Comdex draws big crowds in Vegas

Last week's Comdex trade show in Las Vegas attracted almost 250,000 people to the stalls, halls and pavilions of 2,000-plus companies. Eighty per cent of them are reported to have visited the exhibits of Microsoft, which did not appear to be suffering adversely because of lawsuits brought against Microsoft by the Department of Justice and Sun Microsystems, or the anti-Microsoft rally held by consumer activist Ralph Nader two weeks ago.

"We don't look at the political battles of other companies as to what's best for us," said Scott Marks, a technology buyer for NationsBanc Montgomery Securities, of San Francisco. However, the producers of a parody version of Microsoft's delayed Windows 98 operating program, who had failed to book a booth, were thrown out of the exhibition and had to be content with standing on a street corner, waving boxes of spoof software and shouting "What does he [Bill Gates] want to own today?

Of the products being demonstrated, some should be available by next year, including hand-held devices such as the Web video phone from Samsung (which, incidentally, boasted out-of-this-world freebies at Comdex - packages of the ice cream astronauts eat during shuttle missions). Other products on display were at the experimental stage. IBM, Delco, Netscape and Sun had a satellite-linked Internet-enabled car with voice-activated technology and touch screens for surfing in traffic jams or on the move. Other products were selling poorly, such as increasingly sophisticated Web TV devices.

The show did not impact much on hi-tech stocks. "I don't think Comdex had any impact on [Nasdaq] stock price and movement," commented Bruce Lupatkin, research director for Hambrecht and Quist. Some companies, such as Iomega, which announced at Comdex that its Zip drive would play a key role in NECs PC line, saw their stocks rise by 10 per cent over the week.

Sun wins ISO approval for Java

Sun Microsystems has won approval to submit its Java technology to the International Standards Organization (ISO) as an open standard, while retaining full control over maintenance and development. The member nations voted 20-2 to approve Sun's application, with only the United States and China voting against.

As a Publicly Available Specifications (PAS) submitter, Sun will start submitting Java specifications to the ISO for approval. However, this is likely to be a complex process, involving detailed discussion of the Java virtual machine and the Java programming language. Jim Mitchell, JavaSoft vice-president, said the submission would take longer than three months.

Immediately after its success, Sun carried out an earlier threat made when it filed a court suit against Microsoft for allegedly infringing the Java standard, by requesting a US federal court to prevent Microsoft from using Sun's Java Compatible Logo to promote and distribute its Internet Explorer 4.0 and related products, until the products have passed its Java compatibility tests.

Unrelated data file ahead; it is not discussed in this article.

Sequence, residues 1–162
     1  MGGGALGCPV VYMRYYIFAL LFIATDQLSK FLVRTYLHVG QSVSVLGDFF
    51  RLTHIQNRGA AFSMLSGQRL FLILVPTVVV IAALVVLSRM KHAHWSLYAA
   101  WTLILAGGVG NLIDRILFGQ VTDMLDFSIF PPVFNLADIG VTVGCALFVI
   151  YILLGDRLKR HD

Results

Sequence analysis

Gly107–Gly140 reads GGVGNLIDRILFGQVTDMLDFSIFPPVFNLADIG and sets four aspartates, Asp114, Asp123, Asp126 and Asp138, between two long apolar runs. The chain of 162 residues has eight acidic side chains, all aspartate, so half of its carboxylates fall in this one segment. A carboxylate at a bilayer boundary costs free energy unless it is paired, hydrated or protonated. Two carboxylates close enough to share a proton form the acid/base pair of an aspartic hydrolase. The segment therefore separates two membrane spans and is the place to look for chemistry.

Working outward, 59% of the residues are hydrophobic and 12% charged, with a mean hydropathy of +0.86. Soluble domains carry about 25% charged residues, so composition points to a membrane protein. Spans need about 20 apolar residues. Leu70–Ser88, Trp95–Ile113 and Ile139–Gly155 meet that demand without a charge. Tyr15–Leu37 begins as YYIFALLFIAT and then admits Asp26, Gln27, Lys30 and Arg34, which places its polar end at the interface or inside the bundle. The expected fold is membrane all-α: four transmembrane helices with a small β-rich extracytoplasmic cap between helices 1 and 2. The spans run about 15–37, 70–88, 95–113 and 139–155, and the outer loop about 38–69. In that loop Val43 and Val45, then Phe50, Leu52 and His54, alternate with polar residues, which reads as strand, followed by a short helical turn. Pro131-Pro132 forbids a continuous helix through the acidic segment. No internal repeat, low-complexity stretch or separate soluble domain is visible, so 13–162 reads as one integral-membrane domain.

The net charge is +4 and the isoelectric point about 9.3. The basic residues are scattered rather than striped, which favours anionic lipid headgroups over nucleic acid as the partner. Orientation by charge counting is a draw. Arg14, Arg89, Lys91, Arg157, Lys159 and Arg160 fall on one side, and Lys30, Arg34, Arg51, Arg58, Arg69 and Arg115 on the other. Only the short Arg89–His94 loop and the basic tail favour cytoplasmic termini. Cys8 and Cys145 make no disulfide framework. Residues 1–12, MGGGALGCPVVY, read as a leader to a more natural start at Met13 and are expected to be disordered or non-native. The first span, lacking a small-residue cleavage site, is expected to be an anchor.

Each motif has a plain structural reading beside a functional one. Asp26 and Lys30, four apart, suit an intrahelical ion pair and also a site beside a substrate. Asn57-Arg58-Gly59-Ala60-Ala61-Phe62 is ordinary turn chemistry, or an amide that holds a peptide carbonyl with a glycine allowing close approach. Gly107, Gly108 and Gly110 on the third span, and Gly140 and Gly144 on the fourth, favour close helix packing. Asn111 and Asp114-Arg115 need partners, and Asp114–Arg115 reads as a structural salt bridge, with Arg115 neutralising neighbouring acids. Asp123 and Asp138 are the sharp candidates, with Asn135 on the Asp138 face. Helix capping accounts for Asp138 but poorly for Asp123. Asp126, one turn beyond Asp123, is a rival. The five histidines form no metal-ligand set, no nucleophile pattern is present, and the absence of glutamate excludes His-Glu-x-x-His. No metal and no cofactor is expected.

Rhapsody delivered to developers

Though conspicuous by its absence at Comdex, Apple used a three-day European Developer Forum in Brussels to release the full version of its next-generation operating system, Rhapsody. Those attending the forum for commercial hardware and software developers involved with the publishing and education markets are a key target for Apple.

Last week's announcement of the availability of Rhapsody with the so- called "Blue Box" is an important step as the company attempts to show that it will be able to roll out the new operating system on time and in workable form. The Blue Box is the component that allows users to run most older Mac OS programs on systems with the new PowerPC 750 processors that are being spoken of as Pentium II beaters.

Steve Jobs, interim CEO and co-founder of Apple, has said that the company will not replace the Mac OS with Rhapsody. It will be gradually phased in, in a similar way that Windows NT has slowly moved into the market for workstation and servers while Windows 95 generally remains on consumer PCs. "I think we will offer systems in the affordable, easy-to-use server space," said Phil Schiller, of Apple.

Britannica 98 CD-Rom arrives

Britannica CD 98, touted as the most comprehensive encyclopaedia available on CD-Rom, went on sale yesterday at pounds 125. The latest version, with a graphical interface built around Microsoft Explorer for Windows 95 and NT 4.0, has more than 72,000 articles. Contained in the price are online updates and trial access to Britannica Online, the Internet version of the reference work. The new version includes animation and video clips as well as interactive multimedia features. "Its unrivalled depth and ease of use mean it is the killer application for a multimedia PC in the home," said Tim Pethick, of Britannica.

Andy Oldfield